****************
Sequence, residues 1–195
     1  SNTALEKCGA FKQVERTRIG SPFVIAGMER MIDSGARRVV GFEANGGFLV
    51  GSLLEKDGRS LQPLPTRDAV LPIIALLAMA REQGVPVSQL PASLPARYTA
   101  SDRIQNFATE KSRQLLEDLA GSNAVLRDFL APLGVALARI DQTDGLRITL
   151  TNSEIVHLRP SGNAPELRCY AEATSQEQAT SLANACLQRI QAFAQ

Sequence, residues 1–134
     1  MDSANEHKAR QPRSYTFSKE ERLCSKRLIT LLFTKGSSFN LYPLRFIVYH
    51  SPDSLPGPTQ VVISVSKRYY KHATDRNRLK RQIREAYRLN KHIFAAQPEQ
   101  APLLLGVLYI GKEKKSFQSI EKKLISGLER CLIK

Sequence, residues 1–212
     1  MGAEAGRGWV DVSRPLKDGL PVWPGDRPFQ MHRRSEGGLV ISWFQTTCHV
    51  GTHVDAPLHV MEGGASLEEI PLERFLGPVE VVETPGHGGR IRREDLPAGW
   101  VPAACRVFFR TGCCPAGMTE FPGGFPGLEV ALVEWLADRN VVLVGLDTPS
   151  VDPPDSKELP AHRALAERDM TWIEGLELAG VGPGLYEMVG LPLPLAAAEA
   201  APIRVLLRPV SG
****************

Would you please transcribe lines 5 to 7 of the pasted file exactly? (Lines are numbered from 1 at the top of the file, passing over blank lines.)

   151  TNSEIVHLRP SGNAPELRCY AEATSQEQAT SLANACLQRI QAFAQ

Sequence, residues 1–134
     1  MDSANEHKAR QPRSYTFSKE ERLCSKRLIT LLFTKGSSFN LYPLRFIVYH